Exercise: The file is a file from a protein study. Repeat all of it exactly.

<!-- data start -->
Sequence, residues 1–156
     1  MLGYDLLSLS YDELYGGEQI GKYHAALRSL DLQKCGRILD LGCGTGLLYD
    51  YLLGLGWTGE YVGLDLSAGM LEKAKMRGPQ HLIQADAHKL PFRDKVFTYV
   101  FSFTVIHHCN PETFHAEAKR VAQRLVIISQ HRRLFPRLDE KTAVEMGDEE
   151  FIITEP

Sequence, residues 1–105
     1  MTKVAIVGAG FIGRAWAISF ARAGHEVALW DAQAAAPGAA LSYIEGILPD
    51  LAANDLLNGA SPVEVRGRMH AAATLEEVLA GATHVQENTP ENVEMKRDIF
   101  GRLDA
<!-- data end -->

Sequence, residues 1–156
     1  MLGYDLLSLS YDELYGGEQI GKYHAALRSL DLQKCGRILD LGCGTGLLYD
    51  YLLGLGWTGE YVGLDLSAGM LEKAKMRGPQ HLIQADAHKL PFRDKVFTYV
   101  FSFTVIHHCN PETFHAEAKR VAQRLVIISQ HRRLFPRLDE KTAVEMGDEE
   151  FIITEP

Sequence, residues 1–105
     1  MTKVAIVGAG FIGRAWAISF ARAGHEVALW DAQAAAPGAA LSYIEGILPD
    51  LAANDLLNGA SPVEVRGRMH AAATLEEVLA GATHVQENTP ENVEMKRDIF
   101  GRLDA